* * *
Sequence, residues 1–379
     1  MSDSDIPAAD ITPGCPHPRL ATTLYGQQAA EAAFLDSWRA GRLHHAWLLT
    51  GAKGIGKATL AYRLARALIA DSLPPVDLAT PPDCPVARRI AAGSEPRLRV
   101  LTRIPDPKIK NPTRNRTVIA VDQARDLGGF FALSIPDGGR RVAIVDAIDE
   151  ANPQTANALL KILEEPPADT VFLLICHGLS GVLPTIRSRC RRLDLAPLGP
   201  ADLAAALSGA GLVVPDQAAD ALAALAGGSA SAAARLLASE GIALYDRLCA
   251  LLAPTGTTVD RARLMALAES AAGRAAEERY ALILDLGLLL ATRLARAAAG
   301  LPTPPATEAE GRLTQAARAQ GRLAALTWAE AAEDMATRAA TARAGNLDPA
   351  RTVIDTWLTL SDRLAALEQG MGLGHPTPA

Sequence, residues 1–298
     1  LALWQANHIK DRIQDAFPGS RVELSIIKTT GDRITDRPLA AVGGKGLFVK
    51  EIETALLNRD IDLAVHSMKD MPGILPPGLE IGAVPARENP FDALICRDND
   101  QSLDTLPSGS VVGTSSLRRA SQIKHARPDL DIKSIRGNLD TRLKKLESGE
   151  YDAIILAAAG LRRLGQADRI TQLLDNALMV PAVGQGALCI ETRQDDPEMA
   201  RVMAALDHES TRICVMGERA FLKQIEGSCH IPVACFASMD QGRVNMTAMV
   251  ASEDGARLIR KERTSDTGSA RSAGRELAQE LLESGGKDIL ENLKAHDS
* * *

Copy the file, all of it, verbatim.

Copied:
Sequence, residues 1–379
     1  MSDSDIPAAD ITPGCPHPRL ATTLYGQQAA EAAFLDSWRA GRLHHAWLLT
    51  GAKGIGKATL AYRLARALIA DSLPPVDLAT PPDCPVARRI AAGSEPRLRV
   101  LTRIPDPKIK NPTRNRTVIA VDQARDLGGF FALSIPDGGR RVAIVDAIDE
   151  ANPQTANALL KILEEPPADT VFLLICHGLS GVLPTIRSRC RRLDLAPLGP
   201  ADLAAALSGA GLVVPDQAAD ALAALAGGSA SAAARLLASE GIALYDRLCA
   251  LLAPTGTTVD RARLMALAES AAGRAAEERY ALILDLGLLL ATRLARAAAG
   301  LPTPPATEAE GRLTQAARAQ GRLAALTWAE AAEDMATRAA TARAGNLDPA
   351  RTVIDTWLTL SDRLAALEQG MGLGHPTPA

Sequence, residues 1–298
     1  LALWQANHIK DRIQDAFPGS RVELSIIKTT GDRITDRPLA AVGGKGLFVK
    51  EIETALLNRD IDLAVHSMKD MPGILPPGLE IGAVPARENP FDALICRDND
   101  QSLDTLPSGS VVGTSSLRRA SQIKHARPDL DIKSIRGNLD TRLKKLESGE
   151  YDAIILAAAG LRRLGQADRI TQLLDNALMV PAVGQGALCI ETRQDDPEMA
   201  RVMAALDHES TRICVMGERA FLKQIEGSCH IPVACFASMD QGRVNMTAMV
   251  ASEDGARLIR KERTSDTGSA RSAGRELAQE LLESGGKDIL ENLKAHDS